Over the last few years I have fallen increasing in love with Steampunk. For those of you not in the know, Steampunk is first and foremost a sci-fi sub-genre that is a imagining of what life would be like if the steam engine had taken over the world and stuck. There is a high emphasis with many enthusiast on fashion and costuming, as well as props and working mechanical contraptions.
I have always been a bit of a self proclaimed geek who enjoyed sci-fi heavy on technology, so when you give me a genre that also incorporates fabulous fashions and artistic expressions I go all out. If you follow me on Pinterest then you know that I have several boards dedicated to Steampunk.
This past weekend I went to my first ever Steampunk Con, The International Steampunk Symposium in Cincinnati, Ohio. Its an event that last for several days, however I was there for Saturday only. It was such a great experience I am already planning on going for the whole thing next year, as well as possibly a day or two of another one.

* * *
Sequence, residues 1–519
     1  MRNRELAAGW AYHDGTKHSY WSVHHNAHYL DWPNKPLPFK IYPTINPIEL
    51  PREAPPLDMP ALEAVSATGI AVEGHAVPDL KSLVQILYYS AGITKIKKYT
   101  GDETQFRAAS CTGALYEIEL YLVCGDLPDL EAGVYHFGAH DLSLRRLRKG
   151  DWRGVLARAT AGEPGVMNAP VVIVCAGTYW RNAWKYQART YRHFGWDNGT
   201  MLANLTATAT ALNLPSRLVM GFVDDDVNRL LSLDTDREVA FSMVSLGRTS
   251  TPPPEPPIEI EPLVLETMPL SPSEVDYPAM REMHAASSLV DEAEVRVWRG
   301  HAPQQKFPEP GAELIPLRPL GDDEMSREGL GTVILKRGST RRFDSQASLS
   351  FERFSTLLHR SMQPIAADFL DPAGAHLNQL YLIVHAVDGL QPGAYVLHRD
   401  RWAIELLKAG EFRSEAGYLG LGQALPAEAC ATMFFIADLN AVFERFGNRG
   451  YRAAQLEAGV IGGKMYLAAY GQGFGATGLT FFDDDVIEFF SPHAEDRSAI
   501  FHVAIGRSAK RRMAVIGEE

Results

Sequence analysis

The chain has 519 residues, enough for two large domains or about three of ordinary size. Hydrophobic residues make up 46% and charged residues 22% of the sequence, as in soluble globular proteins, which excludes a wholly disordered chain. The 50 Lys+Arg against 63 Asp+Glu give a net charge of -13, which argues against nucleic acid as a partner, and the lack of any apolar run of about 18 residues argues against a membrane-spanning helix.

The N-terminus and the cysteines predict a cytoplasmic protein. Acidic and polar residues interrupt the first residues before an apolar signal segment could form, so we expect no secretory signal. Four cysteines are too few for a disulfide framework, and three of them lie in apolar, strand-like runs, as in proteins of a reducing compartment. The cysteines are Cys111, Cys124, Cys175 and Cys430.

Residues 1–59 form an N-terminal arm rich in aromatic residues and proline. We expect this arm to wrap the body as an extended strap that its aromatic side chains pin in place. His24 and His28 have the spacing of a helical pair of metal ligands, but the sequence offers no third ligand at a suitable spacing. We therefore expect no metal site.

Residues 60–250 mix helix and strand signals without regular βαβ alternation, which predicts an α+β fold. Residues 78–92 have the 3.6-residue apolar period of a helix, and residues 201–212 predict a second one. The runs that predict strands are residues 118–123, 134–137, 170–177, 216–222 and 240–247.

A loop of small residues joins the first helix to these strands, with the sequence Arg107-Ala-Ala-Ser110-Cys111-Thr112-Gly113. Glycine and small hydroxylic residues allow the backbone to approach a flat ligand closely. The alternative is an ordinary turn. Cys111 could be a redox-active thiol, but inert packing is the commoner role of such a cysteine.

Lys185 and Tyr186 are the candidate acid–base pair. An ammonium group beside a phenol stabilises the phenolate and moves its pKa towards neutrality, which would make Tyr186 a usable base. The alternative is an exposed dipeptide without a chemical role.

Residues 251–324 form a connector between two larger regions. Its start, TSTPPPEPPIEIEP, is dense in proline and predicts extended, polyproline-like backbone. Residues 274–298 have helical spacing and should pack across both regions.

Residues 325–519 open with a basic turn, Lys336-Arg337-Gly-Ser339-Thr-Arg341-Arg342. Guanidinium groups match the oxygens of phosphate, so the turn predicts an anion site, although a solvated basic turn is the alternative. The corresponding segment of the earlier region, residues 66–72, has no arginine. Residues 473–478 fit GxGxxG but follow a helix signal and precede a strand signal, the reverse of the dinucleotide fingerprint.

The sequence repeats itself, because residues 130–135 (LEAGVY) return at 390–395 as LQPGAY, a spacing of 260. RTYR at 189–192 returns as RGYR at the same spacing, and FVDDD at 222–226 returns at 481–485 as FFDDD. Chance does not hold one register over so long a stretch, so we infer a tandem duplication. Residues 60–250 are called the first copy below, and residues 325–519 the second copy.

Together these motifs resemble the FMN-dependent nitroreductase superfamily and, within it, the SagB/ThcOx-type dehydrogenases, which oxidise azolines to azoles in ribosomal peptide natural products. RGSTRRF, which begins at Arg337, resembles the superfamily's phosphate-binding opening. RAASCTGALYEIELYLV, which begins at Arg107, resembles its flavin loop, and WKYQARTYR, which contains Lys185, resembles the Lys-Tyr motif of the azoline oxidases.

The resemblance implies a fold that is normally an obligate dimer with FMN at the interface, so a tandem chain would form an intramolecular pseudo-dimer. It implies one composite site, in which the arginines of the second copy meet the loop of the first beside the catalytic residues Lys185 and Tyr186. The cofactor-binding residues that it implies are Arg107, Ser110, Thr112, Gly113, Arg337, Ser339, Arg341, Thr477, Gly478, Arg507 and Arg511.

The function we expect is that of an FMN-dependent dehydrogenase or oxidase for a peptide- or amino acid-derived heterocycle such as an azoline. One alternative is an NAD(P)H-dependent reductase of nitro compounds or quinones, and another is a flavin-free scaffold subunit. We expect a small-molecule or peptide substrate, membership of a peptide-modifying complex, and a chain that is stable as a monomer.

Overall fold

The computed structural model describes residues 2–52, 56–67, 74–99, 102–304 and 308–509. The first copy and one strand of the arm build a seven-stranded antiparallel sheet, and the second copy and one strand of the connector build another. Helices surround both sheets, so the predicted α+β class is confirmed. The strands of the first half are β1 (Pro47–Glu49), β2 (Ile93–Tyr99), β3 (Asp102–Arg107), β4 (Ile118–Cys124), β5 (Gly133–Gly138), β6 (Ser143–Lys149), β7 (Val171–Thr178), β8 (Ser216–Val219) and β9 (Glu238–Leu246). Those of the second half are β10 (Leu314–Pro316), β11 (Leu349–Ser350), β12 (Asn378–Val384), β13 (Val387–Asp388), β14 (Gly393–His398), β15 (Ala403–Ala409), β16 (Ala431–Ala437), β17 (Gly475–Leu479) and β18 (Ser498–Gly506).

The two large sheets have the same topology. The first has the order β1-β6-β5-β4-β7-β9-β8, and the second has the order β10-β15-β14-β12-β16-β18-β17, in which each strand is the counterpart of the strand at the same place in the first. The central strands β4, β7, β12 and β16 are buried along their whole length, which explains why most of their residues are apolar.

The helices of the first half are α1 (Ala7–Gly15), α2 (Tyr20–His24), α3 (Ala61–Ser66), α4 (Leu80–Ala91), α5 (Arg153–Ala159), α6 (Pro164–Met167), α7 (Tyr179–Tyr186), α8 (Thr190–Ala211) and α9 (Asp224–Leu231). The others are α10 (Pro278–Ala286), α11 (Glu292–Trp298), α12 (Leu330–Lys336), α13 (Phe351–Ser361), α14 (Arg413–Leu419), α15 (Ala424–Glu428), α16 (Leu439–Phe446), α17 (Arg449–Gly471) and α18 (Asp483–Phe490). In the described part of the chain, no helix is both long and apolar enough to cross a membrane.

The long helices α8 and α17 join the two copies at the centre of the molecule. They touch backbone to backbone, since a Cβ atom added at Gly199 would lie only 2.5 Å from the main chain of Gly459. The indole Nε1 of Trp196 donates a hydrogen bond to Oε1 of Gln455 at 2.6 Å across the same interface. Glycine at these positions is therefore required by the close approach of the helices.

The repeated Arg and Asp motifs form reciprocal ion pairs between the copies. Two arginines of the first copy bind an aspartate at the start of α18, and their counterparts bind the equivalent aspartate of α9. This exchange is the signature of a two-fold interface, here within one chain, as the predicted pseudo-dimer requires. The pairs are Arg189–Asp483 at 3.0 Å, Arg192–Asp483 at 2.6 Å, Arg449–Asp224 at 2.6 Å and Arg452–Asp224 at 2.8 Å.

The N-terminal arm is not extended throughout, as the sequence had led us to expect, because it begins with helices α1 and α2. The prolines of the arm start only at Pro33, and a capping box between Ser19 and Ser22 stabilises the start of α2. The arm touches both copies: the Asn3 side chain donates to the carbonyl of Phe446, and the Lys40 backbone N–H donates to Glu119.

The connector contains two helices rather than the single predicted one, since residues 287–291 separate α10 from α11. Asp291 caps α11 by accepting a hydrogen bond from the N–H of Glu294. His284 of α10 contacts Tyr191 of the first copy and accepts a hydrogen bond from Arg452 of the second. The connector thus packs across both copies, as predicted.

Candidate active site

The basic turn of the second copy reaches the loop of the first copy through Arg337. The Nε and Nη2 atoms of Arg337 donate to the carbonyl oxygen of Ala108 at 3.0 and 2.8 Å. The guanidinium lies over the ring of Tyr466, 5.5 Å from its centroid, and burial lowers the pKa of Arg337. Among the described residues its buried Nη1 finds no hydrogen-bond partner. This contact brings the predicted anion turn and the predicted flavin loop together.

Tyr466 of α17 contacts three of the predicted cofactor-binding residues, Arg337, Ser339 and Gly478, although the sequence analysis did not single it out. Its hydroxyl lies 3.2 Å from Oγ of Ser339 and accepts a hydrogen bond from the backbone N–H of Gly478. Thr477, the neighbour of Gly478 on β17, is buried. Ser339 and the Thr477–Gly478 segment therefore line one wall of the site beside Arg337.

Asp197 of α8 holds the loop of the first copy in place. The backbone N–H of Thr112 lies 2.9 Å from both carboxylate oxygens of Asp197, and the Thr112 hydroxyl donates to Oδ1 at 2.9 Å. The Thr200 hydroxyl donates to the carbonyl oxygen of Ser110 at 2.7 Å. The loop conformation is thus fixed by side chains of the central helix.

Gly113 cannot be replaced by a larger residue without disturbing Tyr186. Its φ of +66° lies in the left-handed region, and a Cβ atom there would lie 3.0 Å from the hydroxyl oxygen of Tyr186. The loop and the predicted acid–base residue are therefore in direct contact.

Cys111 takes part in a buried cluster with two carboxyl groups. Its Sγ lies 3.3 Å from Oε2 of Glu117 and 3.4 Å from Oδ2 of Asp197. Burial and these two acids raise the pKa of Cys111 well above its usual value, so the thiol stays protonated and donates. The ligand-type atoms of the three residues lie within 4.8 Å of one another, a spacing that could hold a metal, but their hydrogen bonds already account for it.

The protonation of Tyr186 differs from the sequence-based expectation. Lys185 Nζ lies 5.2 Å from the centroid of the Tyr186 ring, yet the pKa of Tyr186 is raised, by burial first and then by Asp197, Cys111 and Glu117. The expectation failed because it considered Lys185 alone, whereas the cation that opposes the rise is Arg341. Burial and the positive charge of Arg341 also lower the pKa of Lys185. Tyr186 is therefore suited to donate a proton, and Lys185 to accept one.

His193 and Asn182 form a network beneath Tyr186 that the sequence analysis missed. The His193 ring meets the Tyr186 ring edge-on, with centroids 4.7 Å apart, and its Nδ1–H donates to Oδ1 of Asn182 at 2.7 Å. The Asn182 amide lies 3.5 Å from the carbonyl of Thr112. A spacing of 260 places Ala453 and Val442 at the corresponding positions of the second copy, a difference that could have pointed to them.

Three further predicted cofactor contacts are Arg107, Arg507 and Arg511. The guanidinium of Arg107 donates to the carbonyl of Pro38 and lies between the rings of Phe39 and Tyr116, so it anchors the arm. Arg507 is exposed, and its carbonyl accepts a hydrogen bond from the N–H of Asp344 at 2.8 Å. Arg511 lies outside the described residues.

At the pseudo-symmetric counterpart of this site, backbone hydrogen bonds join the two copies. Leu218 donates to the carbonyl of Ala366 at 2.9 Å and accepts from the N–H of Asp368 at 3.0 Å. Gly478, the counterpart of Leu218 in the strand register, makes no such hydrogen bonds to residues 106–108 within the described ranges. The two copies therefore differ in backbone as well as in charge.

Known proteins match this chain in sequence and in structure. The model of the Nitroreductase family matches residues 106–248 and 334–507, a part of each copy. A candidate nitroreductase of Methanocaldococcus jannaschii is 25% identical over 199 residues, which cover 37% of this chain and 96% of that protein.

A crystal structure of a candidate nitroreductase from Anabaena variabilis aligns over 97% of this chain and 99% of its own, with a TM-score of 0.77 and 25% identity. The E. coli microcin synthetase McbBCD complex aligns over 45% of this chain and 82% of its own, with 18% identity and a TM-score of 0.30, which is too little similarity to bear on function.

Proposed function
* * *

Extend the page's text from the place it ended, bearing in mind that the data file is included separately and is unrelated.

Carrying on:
Before going, I of course planned out my costume. In the world of steampunk, you can be almost anything you can imagine, as long as you conform it fit the few guidelines to dressing steampunk. Like many things though, it is harder to find plus size items, and it often means a heftier price tag. But with a bit of imagination, craftiness, and willingness to put some time into bargain hunting you can cosplay a steampunk character with the best of them without breaking the bank. After a couple of funny conversations with some friends online, I chose to do a Unicorn Queen costume for the sake of an inside joke.
First lets talk about where everything came from.